Hosea 10:11

11 Ephraim is a trained heifer that loves to thresh; so I will put a yoke on her fair neck. I will drive Ephraim, Judah must plow, and Jacob must break up the ground.

Read Hosea 10:11 Using Other Translations

And Ephraim is as an heifer that is taught, and loveth to tread out the corn; but I passed over upon her fair neck: I will make Ephraim to ride; Judah shall plow, and Jacob shall break his clods.
Ephraim was a trained calf that loved to thresh, and I spared her fair neck; but I will put Ephraim to the yoke; Judah must plow; Jacob must harrow for himself.
“Israel is like a trained heifer treading out the grain— an easy job she loves. But I will put a heavy yoke on her tender neck. I will force Judah to pull the plow and Israel to break up the hard ground.

What does Hosea 10:11 mean?

John Gill's Exposition of the Bible
Hosea 10:11

And Ephraim [is as] an heifer [that is] taught, [and] loveth
to tread out [the corn]
Like a heifer taught to bear the yoke, and to plough; but learned it not, as the Targum; does not like it; chooses to tread out the corn where it can feed upon it, its mouth not being then muzzled, according to the law; oxen or heifers were used both in ploughing and treading out corn, to which the allusion is. The sense is, that Ephraim or the ten tribes were taught to bear the yoke of the law, and yield obedience to it, and perform good works; but did not like such a course of life; had no further regard for religion than as they found their own worldly profit and advantage in it: or they did not care to labour much in it; they liked the fruit and advantage arising from working, rather than the work itself; and thus, like a heifer, doing little, and living well, they grew fat, increased in power, wealth, and riches; and so became proud and haughty, and kicked against the house of David, and rent themselves from it; and set up a kingdom of their own, and lived and reigned according to their own will and pleasure, like a heifer without yoke and muzzle: but I passed over upon her fair neck;
or, "the goodness of her neck" {c}; which is expressive of the flourishing and opulent state and condition of the ten tribes, especially in the times of Jeroboam the second, which made them proud and haughty: but the Lord was determined to humble them, and first in a more light and gentle manner; or caused the rod of correction to pass over them more lightly; or put upon them a more easy yoke of affliction, by causing Pul king of Assyria to come against them; and to get rid of whom a present was given him, exacted of the people; and afterwards Tiglathpileser, another king of Assyria, who carried captive part of their land; and this not having its proper effect, the Lord was determined to proceed against them in a heavier manner: I will make Ephraim to ride;
some, taking the future for the past, render it, "I have made Ephraim to ride" F4; that is, to rule and govern, having royal dignity and power given them, and that greater than that of Judah; and ride over the tribes of Judah and Benjamin, who were sometimes very much afflicted by them; and this is thought to be the sense of the following phrases, Judah shall plough, [and] Jacob shall break his clods;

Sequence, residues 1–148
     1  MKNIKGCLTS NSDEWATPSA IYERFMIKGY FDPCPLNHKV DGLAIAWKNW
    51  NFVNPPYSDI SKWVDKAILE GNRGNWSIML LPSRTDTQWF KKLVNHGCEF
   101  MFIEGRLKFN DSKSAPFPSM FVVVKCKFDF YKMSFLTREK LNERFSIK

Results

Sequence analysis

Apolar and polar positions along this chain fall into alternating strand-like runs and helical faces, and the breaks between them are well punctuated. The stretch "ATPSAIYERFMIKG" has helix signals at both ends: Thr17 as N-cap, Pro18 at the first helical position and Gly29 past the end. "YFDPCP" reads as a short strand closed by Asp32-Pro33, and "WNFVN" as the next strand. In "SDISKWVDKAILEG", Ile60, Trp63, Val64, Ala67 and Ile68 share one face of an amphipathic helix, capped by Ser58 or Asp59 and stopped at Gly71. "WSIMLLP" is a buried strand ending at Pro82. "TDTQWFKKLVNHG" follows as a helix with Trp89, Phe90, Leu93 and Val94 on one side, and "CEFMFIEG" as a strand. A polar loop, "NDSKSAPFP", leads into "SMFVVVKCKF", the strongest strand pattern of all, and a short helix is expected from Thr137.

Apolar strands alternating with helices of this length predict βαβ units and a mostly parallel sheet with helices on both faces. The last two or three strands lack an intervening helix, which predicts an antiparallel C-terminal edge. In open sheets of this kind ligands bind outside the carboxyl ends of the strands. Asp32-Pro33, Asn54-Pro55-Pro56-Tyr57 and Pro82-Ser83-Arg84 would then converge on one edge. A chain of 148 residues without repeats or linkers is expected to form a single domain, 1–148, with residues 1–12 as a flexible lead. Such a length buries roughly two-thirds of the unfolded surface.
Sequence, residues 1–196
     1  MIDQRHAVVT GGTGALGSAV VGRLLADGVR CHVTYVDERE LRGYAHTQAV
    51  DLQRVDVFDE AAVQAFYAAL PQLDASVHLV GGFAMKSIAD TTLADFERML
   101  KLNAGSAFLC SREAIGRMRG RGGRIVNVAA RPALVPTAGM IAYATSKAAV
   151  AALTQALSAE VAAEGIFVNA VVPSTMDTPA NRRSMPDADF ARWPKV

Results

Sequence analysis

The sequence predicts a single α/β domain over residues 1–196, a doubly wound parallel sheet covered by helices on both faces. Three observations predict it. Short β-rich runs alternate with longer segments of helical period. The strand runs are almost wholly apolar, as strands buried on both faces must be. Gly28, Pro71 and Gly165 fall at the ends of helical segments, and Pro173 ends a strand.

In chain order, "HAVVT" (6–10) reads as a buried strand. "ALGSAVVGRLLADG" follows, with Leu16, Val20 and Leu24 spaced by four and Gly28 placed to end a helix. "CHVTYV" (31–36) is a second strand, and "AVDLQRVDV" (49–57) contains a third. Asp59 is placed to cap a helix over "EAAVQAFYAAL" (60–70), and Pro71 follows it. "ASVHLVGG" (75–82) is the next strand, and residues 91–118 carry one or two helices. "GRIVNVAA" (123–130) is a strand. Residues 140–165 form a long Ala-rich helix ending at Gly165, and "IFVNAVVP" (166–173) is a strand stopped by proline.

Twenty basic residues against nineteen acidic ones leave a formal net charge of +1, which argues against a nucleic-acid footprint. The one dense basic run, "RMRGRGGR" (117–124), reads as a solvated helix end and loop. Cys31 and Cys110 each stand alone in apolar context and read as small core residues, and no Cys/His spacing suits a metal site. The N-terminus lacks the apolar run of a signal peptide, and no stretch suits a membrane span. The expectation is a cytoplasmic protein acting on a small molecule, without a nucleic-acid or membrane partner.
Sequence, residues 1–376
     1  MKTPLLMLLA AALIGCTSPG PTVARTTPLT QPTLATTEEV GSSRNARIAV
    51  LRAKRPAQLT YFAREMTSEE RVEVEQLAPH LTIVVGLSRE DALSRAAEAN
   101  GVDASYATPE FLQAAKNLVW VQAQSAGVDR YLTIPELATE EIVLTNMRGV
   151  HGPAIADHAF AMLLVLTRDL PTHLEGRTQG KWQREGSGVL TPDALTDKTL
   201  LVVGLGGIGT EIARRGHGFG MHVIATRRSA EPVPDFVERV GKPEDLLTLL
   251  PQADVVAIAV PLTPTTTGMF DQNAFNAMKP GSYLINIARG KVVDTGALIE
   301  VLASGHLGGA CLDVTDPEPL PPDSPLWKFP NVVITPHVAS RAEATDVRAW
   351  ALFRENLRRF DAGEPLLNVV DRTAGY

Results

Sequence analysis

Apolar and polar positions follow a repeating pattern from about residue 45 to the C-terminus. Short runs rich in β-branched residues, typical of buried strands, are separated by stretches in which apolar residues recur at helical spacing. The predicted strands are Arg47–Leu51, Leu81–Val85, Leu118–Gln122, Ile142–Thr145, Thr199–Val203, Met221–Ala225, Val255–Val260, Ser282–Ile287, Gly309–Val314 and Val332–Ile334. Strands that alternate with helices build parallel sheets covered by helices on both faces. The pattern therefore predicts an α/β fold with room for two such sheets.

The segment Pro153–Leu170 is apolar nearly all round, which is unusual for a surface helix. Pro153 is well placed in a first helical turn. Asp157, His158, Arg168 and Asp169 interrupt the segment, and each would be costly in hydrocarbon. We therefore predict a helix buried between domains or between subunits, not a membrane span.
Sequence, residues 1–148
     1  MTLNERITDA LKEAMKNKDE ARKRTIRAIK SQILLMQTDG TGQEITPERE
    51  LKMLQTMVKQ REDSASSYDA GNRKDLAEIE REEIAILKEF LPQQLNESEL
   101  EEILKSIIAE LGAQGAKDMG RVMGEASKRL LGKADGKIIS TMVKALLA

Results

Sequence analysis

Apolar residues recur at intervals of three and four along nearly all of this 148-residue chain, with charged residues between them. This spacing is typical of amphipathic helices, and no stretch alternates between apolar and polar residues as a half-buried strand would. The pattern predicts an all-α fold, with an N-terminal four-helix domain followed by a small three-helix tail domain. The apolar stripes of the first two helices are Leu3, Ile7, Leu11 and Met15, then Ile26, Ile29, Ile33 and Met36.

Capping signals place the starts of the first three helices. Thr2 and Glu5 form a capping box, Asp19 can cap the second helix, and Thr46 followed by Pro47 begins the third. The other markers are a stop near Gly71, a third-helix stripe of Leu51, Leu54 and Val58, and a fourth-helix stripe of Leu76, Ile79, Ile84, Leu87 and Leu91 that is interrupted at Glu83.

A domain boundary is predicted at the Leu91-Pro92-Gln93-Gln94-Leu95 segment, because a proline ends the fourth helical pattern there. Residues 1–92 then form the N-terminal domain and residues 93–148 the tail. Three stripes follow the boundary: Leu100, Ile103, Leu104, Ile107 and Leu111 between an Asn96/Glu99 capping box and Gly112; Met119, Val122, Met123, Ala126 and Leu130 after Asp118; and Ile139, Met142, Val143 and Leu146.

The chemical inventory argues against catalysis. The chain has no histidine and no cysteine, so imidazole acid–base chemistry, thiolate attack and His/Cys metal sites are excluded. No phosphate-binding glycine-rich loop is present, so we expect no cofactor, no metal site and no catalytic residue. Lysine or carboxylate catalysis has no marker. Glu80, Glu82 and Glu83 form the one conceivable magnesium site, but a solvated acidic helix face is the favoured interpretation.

or, "break the clods for him" F5; for Ephraim while he rides, and uses them very hard; as in the days of Joash and Pekah, kings of Israel, when many of the tribes of Judah were slain by them, ( 2 Kings 14:12 2 Kings 14:13 ) ( 2 Chronicles 28:6 2 Chronicles 28:8 ) ; but rather the meaning is, "I will cause to ride on Ephraim" F6; that is, the Assyrians shall ride upon them, get the dominion over them, carry them captive, and use them to hard service and bondage, as a heifer rid upon by a severe rider while ploughing; and the other tribes shall not escape, though they shall not be so hardly dealt with: "Judah shall plough, and Jacob shall break his clods"; these shall be carried captive into Babylon, and employed in hard and servile work, but more tolerable; as ploughing and breaking clods are easier than to ride upon; and as they had hope of deliverance at the end of seventy years; whereas no promise of return was made to the ten tribes, which is the sense some give; but Pocock and others think that these words regard the tender and gentle methods God took with these people to bring them to obedience to his law. Ephraim being teachable like a heifer, he took hold of her fair neck, and stroked it to encourage her, and accustom her to the hand, and to the yoke; and then put the yoke of his law upon them, add trained them up in his institutions, and used also gentle methods to keep them in obedience; and also set Judah to "plough", and Jacob to "break the clods", prescribed for them; and employed them in good works, in the duties of religion, from whence answerable fruit might have been expected; saying to them, by his prophets, as follows:


FOOTNOTES:

F3 (hrawu bwj le) "super bonitatem cervicis ejus", Montanus; "super bonitatem colli ipsius", Schmidt; "super praestantiam", Junius & Tremellius, Piscator.
F4 (bykra) "equitare feci", Munster, Rivet.
F5 (wl ddvy) "occabit ei", De Dieu; "occabit illi?" Schmidt.
F6 "Equitare faciam in Ephraim", Lyra, Tarnovius; "equitare faciam super Ephraim", so some in Calvin.
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